War of the Rebellion: Serial 106 Page 0724 OPERATIONS ON THE PACIFIC COAST. Chapter LXII.

Search Civil War Official Records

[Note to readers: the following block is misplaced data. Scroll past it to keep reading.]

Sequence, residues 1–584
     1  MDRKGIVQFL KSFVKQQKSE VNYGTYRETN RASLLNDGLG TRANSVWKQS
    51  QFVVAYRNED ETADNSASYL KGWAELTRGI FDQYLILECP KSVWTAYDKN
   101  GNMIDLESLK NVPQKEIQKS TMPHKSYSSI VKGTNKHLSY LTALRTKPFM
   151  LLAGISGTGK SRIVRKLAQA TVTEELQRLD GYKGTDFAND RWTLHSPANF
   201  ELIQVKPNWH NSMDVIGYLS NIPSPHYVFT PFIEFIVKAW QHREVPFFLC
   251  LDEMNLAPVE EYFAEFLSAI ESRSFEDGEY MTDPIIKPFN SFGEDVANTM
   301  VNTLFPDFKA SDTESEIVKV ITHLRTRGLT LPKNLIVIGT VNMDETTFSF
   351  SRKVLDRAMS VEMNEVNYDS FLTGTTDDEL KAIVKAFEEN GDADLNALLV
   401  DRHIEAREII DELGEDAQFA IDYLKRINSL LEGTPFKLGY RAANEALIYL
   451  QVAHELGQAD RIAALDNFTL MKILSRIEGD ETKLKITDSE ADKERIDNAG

time my closets attention has been given to the subject, and I respectfully submit to the department commander the result of my observations. That the present state of affairs may be the clearer apprehended, a retrospective glance may not be amiss. In the early part of the year 1855 there was a serious difficulty with the Klamath Indians, in which several white men lost their lives and quite a number of Indians were killed. Being at that time in the employ of the Indian Department, I was dispatched to the scene of the trouble, accompanied by Captain H. M. Judah, U. S. Army, with detachment of thirty men. We found the settlers all under arms and in a great state of excitement, while many of the Indians had fled to the mounatins, as is their custom when they mean mischief. Acting in concert and assited by some of the settlers, we were fortunately able to restore peace. The Indians returned to their ranches and the settlers to their avocations. In this disturbance the Hoope Indians were with the whites and used their influence against a general war. During the succeesing two or three years there was little or no trouble from hostile Indians in the counties of Humboldt, Trinity, and Klamath. After that period, however, hostilities began to occur; at first rarely, and then more frequently but at some distance from the Lower Trinity and Klamath Rivers. This induced the belief that the guilty Indians were those living nearest to where the outrages were penetrated. No doubt this was a just conclusion in many instances, but in the last year or two circumstances have led the most candid and observant to suspect that the more powerful tribes of the Trinity and Klamath were not entirely especially the former. Recent events have demonstrated that these suspicions were not only well founded, but that the Trinity Indians of Hoopa Valley have been the prime movers in most of the outrages for years. To shield themselves from the consequences of their crimes, these Indians displayed considerable address. They have not only been particular themselves to keep within the pale of the law when near home, but have prevented other Indians from committing deeds of violence on their territory, extending each way several miles. In addition to keeping the peace near home, these cunning scoundrels were wont to put on the most innocent and friendly demeanor in their intercourse with the whites, both citizens and soldiers. With this state of afairs the Trinity (Hoopa) Indians would doubtless [have] been content, occassionally capturing a pack train, as often robbing a house or mining camp, and killing cattle almost at will, managing to have the blame fall on the smaller, irresponsible tribes, which of late years have had no permanent places of abode, but with which the Hoopas remained upon friendly terms, and when hard pressed gave them succor and protection. Unfortunately, however, for the continuance of these lawless practices, which, however pleasant and profitable to their savages, is most ruinous to every interest of the civilized portion of the community, the crimes of murder, robbery, and arson, with the train of kindred evils and consequences, have been brought home to their true authors. The majority of the Hoopas are are aware that they are not in good odor with the whites, but they are in partial ignorance of the extent of our information in regard to their barbarous deeds. Several months ago there was scarcely a doubt in my own mind of the guilt of these Indians, and I was prepared to take measures accordingly. My intentions were to have ascertained by this time the exact truth in regard to the matter, and if the proof was conclusive, to have thrown a wsufficient force into theportune moment and made the whole band prisoners. This plan was perfectly feasible, and its success would have terminated the Indian war in this